How Long Should It Take To Do One Kettlebell Get-Up?

by Ryan Jankowitz on August 29, 2018

Ryan Jankowitz, RKC-II Coaching Getup Practice

Occasionally, trainees ask me how long a get-up should take when they’re first learning how to do one. I think it’s a really great question and I’m glad when they ask it—because it means that they are probably starting to really dig kettlebell training. But, my answer always seems to surprise them just a bit. When I tell them that a solid get-up takes at least 30 seconds per side, they start to realize that this exercise requires patience.

My best get-ups tend to take around 36 seconds (clearly, I love to time things). It seems to take about 36 seconds for me to feel like I am owning each stage of the get-up while taking my time.

Each stage of the get-up is equally important and demands equal attention. If one stage is rushed or not performed well, that weak link may negatively impact the rest of the movement. There’s nothing worse than trying to adjust your position while holding a heavy hunk of iron over your head.

I’ve found that going back to naked (no weight) get-ups or using a very light kettlebell with a 3-5 second pause at each stage for several reps is a great drill for reinforcing patience. These drills also allow you or your client to get very familiar with how each stage of the get-up should feel.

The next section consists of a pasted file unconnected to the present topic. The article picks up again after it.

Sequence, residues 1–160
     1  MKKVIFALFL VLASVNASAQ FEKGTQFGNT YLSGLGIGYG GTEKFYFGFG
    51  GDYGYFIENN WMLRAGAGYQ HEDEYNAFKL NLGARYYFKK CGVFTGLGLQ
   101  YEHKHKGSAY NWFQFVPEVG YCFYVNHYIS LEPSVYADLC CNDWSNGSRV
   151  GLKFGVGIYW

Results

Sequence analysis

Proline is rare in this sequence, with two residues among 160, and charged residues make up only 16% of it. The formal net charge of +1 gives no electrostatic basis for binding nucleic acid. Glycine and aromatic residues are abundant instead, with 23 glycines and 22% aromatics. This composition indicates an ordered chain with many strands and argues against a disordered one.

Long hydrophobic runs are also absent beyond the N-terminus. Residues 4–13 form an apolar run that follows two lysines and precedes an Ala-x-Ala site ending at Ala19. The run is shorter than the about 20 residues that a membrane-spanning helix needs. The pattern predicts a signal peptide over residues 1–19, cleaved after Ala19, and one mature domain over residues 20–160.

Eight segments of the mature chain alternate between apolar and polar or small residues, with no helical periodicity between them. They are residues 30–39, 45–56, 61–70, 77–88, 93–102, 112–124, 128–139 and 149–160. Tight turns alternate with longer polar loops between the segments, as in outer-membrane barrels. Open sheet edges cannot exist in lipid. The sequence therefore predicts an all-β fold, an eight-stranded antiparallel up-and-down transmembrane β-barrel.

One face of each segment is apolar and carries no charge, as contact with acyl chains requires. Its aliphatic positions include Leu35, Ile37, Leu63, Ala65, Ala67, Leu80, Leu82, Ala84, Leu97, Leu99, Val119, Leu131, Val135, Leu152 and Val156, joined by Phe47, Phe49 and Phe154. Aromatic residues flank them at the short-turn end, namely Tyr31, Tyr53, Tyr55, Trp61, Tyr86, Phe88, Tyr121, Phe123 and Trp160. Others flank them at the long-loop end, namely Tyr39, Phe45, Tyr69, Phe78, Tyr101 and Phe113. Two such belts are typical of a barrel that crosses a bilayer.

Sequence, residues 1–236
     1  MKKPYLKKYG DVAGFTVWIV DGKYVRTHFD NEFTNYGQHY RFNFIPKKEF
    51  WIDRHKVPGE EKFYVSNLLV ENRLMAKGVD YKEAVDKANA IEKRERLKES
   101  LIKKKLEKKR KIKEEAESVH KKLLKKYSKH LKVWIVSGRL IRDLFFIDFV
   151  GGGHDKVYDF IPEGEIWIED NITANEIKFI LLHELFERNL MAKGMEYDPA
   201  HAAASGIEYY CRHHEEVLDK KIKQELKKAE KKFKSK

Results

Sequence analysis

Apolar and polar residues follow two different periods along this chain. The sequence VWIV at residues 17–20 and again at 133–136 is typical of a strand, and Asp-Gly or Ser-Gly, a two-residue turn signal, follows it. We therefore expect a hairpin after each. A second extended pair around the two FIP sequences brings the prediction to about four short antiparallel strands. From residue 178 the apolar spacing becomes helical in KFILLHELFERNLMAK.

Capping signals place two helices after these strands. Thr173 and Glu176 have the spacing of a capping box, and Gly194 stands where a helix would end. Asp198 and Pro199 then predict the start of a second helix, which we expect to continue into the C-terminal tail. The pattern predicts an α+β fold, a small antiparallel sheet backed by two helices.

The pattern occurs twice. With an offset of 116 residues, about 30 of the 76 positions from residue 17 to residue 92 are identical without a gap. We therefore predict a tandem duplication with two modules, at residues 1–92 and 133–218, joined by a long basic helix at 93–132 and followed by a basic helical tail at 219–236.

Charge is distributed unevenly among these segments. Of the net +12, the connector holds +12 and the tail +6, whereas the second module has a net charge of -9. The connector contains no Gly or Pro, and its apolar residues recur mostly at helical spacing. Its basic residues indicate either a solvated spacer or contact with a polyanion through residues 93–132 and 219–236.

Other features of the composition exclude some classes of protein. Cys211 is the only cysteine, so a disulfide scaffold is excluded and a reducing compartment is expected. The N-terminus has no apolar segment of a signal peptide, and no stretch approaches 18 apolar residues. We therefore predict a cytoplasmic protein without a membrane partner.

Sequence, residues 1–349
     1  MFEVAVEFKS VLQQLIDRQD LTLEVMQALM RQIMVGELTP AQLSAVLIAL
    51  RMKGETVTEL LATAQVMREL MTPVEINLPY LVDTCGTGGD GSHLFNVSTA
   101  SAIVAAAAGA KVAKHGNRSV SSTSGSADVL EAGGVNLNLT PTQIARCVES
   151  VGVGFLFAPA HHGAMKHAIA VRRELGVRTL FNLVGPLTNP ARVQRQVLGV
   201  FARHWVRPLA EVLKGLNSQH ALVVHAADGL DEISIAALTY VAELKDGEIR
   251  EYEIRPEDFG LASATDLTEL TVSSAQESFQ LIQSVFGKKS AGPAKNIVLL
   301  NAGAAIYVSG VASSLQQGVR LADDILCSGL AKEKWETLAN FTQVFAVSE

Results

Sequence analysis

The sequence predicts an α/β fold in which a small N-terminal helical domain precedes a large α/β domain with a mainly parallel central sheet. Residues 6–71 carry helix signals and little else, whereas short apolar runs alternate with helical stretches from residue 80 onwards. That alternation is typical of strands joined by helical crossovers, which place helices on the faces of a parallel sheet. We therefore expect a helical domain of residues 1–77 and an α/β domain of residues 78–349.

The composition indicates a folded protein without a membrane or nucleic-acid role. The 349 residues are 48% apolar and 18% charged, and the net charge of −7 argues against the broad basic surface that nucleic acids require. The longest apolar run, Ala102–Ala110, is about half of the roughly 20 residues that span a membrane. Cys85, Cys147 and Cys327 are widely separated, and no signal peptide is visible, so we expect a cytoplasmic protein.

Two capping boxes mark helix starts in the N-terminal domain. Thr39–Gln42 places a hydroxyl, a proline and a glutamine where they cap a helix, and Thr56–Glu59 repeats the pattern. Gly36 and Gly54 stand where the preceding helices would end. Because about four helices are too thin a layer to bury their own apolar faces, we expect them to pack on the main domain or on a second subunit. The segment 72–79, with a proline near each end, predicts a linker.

Ryan Jankowitz, RKC-II and Master RKC Michael Krivka demonstrate the get-up at a recent HKC workshop in Gathersburg, MD.

Ryan Jankowitz, RKC-II and Master RKC Michael Krivka demonstrate the get-up at a recent HKC workshop in Gaithersburg, MD.

My intent in writing this blog post was to create a discussion and learn what other kettlebell instructors and enthusiasts think about the timing of a get-up. Have you found an optimal time for the get-up? How long do you think a kettlebell get-up should take? Please leave your answers in the comments section at the end of this post.

I feel that being patient with kettlebell training pays off big time in the long term. In a time when people want to do more exercises faster and faster, sometimes slowing down is actually the best approach.

Performing one repetition of the get-up masterfully is far superior to performing ten sloppy reps. Really, this can be said for any exercise—quality over quantity. If you take your time and master the basics, the rest will fall into place.

All of my best kettlebell lifts and personal goals have come years after I first picked up a kettlebell. I’m in this for the long haul and sometimes I have to remind myself to slow down.

Please leave a comment and let me know your thoughts!

Stay Strong.

***

Ryan Jankowitz, RKC-II Instructor, CK-FMS, is a life-long athlete who can’t imagine sitting behind a desk. He enjoys sharing his passion for fitness and spreading the RKC knowledge. Ryan provides online kettlebell training and in-person training in the DC Metro area. You can reach him at ryan@rjkettlebell.com or through his website rjkettlebell.com.

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